Echos & Evolutions

A brief exploration into the blocky, counterless typographic style

I remember walking into my graphic design classes in undergrad and seeing Milton Glaser's famous Bob Dylan poster hung up on the wall by the door. It honestly took maybe the first half of the semester before I realized it wasn’t a student project, or someone's forgotten work they never took home. This poster was Glaser's first use of a custom font he created called Babyteeth.

He drew inspiration from a hand painted sign he found in Mexico. He said “The inspiration for my Babyteeth type face came from this sign I photographed in Mexico City. It’s an advertisement for a tailor. The E was drawn as only someone unfamiliar with the alphabet could have conceived. Yet it is completely legible. I tried to invent the rest of the alphabet consistent with this model.”

While Babyteeth is probably the most well known version of this style, it was not the first and definitely not the only iteration of this blocky countless typographic style. As I was looking through Photo-Lettering's One Line Manual of Styles I found a handful of styles that all play with this same idea.

Some of my personal favorites from the era are Black Boton designed by Albert Boton in 1970 in used on the album cover for The Guess Who. Another is the outline shadow style Sunshine designed for Letraset in 1971.

Seeing so many examples and styles I started to hunt for the OG, or root of the style. I remember stumbling into this plaque for the Golden Gate Bridge years ago. While not the same the blocky almost. Invisible counters could definitely be a cousin in terms of concept. The bridge was finished 1937. In a few lettering manuals, also from the 1930’s, I found these two examples.The first “Modern Lettering” the second example titled “Modern Caps” from the speedball textbook.

Following the thread back further I found references to this "Modern" style coming from a few Italian poster designers Wilman Schiroli 1935 and Marcello Nizzoli from the early 1920's.

Around this point my trail back started to go cold. But it makes sense thinking about the evolution of a typographic style. You test it out in a one-off small use case. Some lettering, a poster, a limited characterset. The style catches on in the community, makes its way into lettering textbooks and letter models. If it becomes a staple, it makes the switch to a typeface, or in this case several variations all encapsulated in letrasets specimen. With the advent of a new technology it’s only a matter of time for it to be adapted again.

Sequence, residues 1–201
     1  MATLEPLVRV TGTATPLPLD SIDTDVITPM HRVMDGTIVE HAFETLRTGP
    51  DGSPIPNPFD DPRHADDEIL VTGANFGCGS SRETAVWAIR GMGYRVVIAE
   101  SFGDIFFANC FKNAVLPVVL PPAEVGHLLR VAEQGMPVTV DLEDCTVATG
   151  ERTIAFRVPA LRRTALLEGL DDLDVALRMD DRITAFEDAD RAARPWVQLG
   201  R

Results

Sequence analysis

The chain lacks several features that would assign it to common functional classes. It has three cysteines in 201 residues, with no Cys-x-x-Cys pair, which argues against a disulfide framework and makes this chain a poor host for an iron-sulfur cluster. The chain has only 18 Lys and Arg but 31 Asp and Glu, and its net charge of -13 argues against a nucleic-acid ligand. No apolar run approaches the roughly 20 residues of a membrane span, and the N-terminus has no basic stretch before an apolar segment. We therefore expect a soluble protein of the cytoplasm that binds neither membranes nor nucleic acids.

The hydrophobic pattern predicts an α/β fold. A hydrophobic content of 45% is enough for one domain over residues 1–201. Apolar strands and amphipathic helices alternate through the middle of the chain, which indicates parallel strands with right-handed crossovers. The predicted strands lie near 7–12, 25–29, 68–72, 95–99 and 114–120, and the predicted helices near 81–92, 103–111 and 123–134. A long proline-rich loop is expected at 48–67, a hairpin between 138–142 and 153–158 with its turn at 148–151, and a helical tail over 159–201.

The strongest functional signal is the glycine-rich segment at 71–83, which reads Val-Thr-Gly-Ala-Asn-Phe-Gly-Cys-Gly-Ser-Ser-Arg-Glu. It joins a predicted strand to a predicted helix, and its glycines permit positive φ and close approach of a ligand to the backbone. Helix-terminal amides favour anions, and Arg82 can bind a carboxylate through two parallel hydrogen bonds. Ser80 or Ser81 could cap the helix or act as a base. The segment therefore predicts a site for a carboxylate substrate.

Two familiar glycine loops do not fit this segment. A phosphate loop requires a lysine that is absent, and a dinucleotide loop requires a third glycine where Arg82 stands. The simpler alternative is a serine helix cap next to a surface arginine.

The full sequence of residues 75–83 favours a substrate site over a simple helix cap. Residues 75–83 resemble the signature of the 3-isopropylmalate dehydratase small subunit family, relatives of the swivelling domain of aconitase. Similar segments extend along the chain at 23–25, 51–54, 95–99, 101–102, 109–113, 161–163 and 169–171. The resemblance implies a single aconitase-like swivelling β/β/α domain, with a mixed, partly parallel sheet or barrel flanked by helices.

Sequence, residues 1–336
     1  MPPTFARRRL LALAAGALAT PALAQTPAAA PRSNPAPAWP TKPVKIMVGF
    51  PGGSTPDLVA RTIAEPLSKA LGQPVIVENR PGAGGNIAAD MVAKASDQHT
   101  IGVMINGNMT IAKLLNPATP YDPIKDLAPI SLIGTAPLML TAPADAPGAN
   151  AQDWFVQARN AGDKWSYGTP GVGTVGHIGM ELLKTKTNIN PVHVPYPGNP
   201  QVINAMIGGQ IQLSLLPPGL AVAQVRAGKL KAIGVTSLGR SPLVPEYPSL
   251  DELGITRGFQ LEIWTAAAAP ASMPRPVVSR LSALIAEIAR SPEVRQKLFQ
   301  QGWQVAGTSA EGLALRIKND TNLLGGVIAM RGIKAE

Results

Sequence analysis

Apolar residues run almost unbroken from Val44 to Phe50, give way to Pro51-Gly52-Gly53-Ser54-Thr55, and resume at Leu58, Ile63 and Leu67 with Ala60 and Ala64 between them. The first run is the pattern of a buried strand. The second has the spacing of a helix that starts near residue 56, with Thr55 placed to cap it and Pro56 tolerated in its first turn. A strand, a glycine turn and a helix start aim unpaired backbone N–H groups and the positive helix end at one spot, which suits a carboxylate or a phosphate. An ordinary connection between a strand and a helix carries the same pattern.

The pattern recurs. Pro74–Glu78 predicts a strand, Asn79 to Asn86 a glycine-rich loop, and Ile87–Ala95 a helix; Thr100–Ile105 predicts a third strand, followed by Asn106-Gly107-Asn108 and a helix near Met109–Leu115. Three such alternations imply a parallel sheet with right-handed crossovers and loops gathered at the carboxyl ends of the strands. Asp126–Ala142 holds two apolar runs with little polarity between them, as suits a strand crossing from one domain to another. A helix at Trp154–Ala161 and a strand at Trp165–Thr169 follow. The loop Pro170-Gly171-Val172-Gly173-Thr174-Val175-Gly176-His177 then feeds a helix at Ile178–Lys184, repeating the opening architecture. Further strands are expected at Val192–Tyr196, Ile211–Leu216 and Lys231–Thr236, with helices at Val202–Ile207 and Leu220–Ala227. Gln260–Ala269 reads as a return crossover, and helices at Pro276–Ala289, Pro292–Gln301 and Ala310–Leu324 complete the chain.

With the switch to digital type, it's no surprise to see this style adapted, and evolved. Some are more strict adaptions like P22's authorized release of Milton Glaser's Babyteeth. others I would label as a spiritual successor like Pufff by Motia Italic. Some of my favorite variations I have found use the vast black blocks of space as a canvas for their own combination of imagery to create a fun blend of letters and illustration. Fingerspeller by John Bomparte or zootype published by linotype are two good examples.

The more I get into type, its history and roots, the more I see the cyclical nature of it. This style was “played out” by the 1960’s but that didn’t stop Milton Glaser. It didn’t stop any of of the recent iterations, and I’m sure there will continue to be explorations in the style for the foreseeable future. Evolution in type isn’t so much leaps and bounds, but a slow retreading and retooling as styles slowly evolve and develop to meet the needs of each new iteration. 🤙